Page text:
I have just returned from NFA 2018, I must say that it was quite successful! There were so many wonderful artists, incredible concerts, and new experiences for so many people. This was my eleventh NFA in a row and over these past eleven years I have made many new friends—my flute family now extends around the globe. Each one of these conventions has been loaded with new experiences as well as familiar faces, and every year brings new opportunities and new challenges. This year was no different, and in some ways has been the best NFA for me to date!
First of all, I had the wonderful pleasure of performing with Christine Beard on the Friday concert “Piccolo Party!” Anyone who knows Christie, knows that she is not only a fabulous person but also an incredible piccolo player. While I have known her for many years now, this was my first performance with her. As always, NFA provides challenges in finding rehearsal times and spaces. Although our rehearsal time was exceptionally limited, the performance was so much fun and I completely enjoyed my time working with her. We both have agreed that we must work together again in the future. The concert itself was filled with some incredible music for piccolo.
Every piece was so different and each performer brought so much energy to their performance.
While a recital of only piccolo music might seem nothing short of nightmarish, the concert was filled with virtuosity and just plain fun. There were many new works for piccolo performed in total this year and I found plenty of new works among the music stacks in the exhibit hall. I also spent way more money on sheet music than I had planned…can you blame me?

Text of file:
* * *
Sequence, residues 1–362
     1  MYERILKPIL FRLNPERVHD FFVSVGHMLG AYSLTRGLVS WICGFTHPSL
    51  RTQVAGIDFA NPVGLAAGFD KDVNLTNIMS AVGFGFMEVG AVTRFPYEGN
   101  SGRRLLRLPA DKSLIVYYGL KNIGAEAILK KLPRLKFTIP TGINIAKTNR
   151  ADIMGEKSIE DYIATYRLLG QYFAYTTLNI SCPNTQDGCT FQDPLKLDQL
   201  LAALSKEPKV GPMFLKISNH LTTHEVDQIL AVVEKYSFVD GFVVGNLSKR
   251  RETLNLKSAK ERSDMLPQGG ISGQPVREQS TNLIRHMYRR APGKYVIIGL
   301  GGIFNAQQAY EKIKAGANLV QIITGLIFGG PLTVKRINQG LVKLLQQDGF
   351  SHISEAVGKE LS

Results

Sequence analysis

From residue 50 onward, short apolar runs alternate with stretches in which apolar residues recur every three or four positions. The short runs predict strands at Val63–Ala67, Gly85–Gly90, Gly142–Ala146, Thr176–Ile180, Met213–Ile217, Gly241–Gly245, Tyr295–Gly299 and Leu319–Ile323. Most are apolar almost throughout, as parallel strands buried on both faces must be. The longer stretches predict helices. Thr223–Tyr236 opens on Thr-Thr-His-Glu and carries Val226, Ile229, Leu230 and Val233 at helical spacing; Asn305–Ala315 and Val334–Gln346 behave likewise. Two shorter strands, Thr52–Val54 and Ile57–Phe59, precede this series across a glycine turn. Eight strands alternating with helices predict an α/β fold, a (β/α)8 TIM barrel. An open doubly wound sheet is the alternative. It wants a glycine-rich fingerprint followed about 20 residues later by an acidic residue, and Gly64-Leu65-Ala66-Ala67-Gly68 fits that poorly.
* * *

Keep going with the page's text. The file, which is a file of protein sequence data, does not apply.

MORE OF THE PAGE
On Saturday morning, I had an opportunity to participate in the panel discussion, “Adventures in Adjuncting.” Having been an adjunct professor of music for around fifteen years now, it was nice to be able to share some of my trials and tribulations with around thirty people who came to hear what we had to say. The panel could not have contained a more diverse group of individuals, with varied adjunct experiences. I always enjoy the opportunity to meet with colleagues and discuss experiences because it makes me feel more connected to what I do.
The life of an adjunct is not easy but it can be very rewarding in many ways. As many people know, I have juggled adjunct gigs for years and my goal has been to be a full time college professor. I finished the DMA, applied for jobs, and was even a finalist for a couple.
This brings me to another first.
I recently accepted a position working for a flute company as a sales representative and repair technician. This is a bit of a side step from my original career objective, but in many ways, it is even more in line with my professional goals. As a sales representative, I get to know many of those rock star flutists that we all look up to. There is nothing more exciting and flattering than to have one of them stop and say hello, especially if they call you by name. I still have moments where I can’t believe that Mr. or Mrs. Flute Player actually knows my name and asks me about my husband and my dog. I also have the opportunity to go out and do clinics as an artist for one of my brands.
In one week, I can easily work with and potentially profoundly influence 150-200 flutists and their playing. On the repair side of things, I get to work with incredibly talented technicians, share techniques, and learn even more about how the flute is constructed and how to keep them playing. Not to mention the opportunities to talk to makers and the potential ability to influence flute construction. This new path that my career is on is both exciting and overwhelming when I think of all of the potential it has for me. I am still a performer, a technician, a teacher, and a student. No one ever told me that I could be all these things! In my younger years I thought I could either teach or perform, but now I know that there are so many facets to a career in music and that this path is one that will allow me to shine even brighter.